Then life answered me thus, covering up her delicate ears: “0 Zarathustra, don’t crack your whip so frightfully! After all, you know that noise murders thought and just now such tender thoughts are coming to me. We are both two real good-for-nothings and evil-for-nothings. Beyond good and evil we found our island and our green meadow — we two alone. Therefore we had better like each other. And even if we do not love each other from the heart — need we bear each other a grudge if we do not love each other from the heart? And that I like you, often too well, that you know; and the reason is that I am jealous of your wisdom. Oh, this mad old fool of a wisdom! If your wisdom ever ran away from you, then my love would quickly run away from you too.”
Then life looked back and around thoughtfully and said softly: “0 Zarathustra, you are not faithful enough to me. You do not love me nearly as much as you say; I know you are thinking of leaving me soon.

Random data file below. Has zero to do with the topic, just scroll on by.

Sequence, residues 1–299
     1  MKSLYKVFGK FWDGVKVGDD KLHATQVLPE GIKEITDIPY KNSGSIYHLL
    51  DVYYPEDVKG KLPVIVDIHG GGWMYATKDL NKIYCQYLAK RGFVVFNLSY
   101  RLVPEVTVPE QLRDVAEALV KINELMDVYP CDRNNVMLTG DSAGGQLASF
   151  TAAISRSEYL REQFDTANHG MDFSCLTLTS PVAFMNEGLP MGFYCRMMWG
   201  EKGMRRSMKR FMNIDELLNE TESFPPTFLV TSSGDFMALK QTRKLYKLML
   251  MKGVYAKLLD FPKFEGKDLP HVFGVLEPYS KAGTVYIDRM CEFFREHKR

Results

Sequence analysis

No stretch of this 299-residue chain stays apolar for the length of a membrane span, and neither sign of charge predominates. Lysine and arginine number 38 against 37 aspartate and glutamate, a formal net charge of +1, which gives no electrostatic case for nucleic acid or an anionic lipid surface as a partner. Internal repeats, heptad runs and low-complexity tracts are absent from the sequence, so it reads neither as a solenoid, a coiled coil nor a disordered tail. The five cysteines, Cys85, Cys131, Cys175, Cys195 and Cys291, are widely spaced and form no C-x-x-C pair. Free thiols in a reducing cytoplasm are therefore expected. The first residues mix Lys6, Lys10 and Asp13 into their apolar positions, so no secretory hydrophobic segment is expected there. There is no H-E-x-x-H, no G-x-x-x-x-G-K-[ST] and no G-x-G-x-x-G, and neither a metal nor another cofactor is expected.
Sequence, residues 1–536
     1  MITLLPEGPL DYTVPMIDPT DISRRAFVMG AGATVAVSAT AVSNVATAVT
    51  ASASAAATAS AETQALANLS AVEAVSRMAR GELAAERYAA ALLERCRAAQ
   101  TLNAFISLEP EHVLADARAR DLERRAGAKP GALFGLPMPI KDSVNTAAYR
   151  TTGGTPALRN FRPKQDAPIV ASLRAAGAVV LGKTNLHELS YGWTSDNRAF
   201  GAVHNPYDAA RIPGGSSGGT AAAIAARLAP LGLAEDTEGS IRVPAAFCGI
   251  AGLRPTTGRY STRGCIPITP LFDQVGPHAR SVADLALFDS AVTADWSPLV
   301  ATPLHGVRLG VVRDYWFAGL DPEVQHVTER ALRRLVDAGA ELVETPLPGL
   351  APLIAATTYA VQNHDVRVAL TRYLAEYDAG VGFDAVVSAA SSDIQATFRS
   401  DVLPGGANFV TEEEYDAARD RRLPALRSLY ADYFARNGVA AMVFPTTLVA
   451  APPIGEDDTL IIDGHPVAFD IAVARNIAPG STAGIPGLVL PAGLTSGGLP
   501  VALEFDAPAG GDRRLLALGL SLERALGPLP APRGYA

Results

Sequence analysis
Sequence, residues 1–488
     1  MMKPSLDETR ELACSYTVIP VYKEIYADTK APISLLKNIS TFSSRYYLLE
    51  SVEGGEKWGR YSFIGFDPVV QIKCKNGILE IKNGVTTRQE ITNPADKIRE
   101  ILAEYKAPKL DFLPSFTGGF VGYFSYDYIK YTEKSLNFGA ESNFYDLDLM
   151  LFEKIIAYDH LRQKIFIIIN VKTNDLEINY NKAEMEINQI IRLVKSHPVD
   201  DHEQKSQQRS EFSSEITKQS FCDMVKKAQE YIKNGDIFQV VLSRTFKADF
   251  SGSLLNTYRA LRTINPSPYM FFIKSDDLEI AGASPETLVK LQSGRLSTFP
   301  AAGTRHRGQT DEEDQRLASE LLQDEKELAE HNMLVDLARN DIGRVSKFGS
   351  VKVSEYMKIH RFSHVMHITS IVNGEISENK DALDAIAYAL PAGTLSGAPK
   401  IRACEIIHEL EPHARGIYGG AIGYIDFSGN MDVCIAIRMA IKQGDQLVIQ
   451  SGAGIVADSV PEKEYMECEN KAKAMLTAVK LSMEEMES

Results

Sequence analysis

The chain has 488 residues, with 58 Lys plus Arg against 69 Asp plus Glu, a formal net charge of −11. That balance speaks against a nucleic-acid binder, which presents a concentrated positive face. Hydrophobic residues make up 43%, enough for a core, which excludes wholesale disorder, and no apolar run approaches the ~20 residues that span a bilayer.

There is an old heavy, heavy growl-bell that growls at night all the way up to your cave; when you hear this bell strike the hour at midnight, then you think between one and twelve-you think, 0 Zarathustra, I know it, of how you want to leave me soon.” “Yes,” I answered hesitantly, “but you also know -” and I whispered something into her ear, right through her tangled yellow foolish tresses.
“You know that, 0 Zarathustra? Nobody knows that.”
And we looked at each other and gazed on the green meadow over which the cool evening was running just then, and we wept together. But then life was dearer to me than all my wisdom ever was.
Thus spoke Zarathustra.